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June 1, 1957

The Early Detection and Prevention of Disease

JAMA. 1957;164(5):616. doi:10.1001/jama.1957.02980050106028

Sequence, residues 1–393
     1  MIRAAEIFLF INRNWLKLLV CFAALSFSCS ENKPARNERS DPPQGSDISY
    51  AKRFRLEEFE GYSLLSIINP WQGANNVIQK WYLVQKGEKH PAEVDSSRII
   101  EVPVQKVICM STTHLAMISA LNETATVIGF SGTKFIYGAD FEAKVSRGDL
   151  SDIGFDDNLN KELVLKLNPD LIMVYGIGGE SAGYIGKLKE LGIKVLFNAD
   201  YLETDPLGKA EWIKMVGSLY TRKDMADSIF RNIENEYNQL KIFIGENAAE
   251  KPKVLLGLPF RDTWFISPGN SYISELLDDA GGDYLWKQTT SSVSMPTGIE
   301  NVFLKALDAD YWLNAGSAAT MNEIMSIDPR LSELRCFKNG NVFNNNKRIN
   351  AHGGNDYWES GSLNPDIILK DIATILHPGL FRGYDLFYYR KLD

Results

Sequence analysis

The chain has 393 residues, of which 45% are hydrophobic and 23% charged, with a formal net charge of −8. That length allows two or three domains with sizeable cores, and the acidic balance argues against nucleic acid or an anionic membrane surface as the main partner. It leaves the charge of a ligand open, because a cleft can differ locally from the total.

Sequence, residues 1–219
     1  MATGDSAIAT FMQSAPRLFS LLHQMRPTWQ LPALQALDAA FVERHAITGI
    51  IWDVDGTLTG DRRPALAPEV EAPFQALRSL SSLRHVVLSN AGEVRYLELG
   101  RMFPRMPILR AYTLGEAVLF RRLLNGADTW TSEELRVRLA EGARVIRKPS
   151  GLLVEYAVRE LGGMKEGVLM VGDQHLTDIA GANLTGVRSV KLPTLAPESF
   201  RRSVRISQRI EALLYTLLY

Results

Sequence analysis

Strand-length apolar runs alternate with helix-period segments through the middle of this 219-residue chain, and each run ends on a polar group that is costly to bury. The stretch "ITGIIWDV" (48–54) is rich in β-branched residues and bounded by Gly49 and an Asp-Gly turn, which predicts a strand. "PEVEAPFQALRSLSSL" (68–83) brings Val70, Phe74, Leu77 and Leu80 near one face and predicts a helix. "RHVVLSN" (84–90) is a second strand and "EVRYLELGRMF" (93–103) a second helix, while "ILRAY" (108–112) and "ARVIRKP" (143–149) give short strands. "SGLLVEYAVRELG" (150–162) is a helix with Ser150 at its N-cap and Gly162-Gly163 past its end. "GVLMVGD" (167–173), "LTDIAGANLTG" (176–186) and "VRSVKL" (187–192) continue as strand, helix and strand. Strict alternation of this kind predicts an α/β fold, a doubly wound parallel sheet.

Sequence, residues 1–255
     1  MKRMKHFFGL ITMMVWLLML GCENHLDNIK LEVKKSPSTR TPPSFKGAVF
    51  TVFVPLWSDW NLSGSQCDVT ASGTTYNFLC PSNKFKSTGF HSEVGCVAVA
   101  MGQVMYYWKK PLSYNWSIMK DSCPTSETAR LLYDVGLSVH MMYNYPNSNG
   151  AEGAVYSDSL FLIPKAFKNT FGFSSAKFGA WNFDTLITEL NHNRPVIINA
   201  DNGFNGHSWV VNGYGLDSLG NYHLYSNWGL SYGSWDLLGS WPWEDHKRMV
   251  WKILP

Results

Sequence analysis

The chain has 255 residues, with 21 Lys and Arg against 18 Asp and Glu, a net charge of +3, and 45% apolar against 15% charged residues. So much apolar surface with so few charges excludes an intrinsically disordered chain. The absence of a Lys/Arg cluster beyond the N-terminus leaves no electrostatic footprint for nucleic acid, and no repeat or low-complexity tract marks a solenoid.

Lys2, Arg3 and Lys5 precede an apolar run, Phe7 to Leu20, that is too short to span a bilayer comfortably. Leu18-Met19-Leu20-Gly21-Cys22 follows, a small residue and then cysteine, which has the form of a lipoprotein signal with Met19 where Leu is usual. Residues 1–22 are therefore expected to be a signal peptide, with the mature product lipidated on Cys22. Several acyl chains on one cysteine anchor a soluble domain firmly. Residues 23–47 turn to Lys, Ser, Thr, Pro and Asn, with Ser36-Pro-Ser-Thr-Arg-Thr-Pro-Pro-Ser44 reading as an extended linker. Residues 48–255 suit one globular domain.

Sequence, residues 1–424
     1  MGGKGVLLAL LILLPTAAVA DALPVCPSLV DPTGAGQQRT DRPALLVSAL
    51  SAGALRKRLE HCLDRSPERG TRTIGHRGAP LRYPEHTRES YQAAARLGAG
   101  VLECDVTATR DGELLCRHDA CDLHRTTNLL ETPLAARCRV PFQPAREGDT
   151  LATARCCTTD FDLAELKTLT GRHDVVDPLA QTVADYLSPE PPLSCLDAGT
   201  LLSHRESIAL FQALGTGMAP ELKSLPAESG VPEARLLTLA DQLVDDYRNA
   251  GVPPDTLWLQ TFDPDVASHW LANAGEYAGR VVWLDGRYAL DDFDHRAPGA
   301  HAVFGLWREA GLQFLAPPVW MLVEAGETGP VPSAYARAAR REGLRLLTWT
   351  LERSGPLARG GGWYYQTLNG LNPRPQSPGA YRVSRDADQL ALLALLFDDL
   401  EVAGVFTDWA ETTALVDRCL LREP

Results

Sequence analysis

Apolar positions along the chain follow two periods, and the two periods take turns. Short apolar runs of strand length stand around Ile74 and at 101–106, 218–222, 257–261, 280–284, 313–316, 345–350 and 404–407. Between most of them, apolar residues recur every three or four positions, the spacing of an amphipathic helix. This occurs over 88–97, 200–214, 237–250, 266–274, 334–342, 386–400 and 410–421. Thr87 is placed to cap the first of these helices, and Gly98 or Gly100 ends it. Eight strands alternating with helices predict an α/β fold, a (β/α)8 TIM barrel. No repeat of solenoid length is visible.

Some 28 contributors, working in a variety of fields, have attempted to set down as briefly as possible the salient points in disease prevention. It is surprising, considering space limitations, how much that is of factual importance they have succeeded in presenting. Not all diseases could be considered, but the major ones seen in daily practice are broadly viewed. Most diseases enter the body via the respiratory or alimentary systems. This is especially true in the case of young children, adolescents, and adults up to 45 years of age. Older people are more likely to suffer from metabolic disturbances. Chapter 15, by Klaus Hummeler, deals with viral diseases of the respiratory tract, especially influenza. In 1933, an influenza virus was first isolated and identified as a specific pathogen. Seven years later, an "A" and a "B" strain, quite different from each other in many respects, were recognized. Since then a

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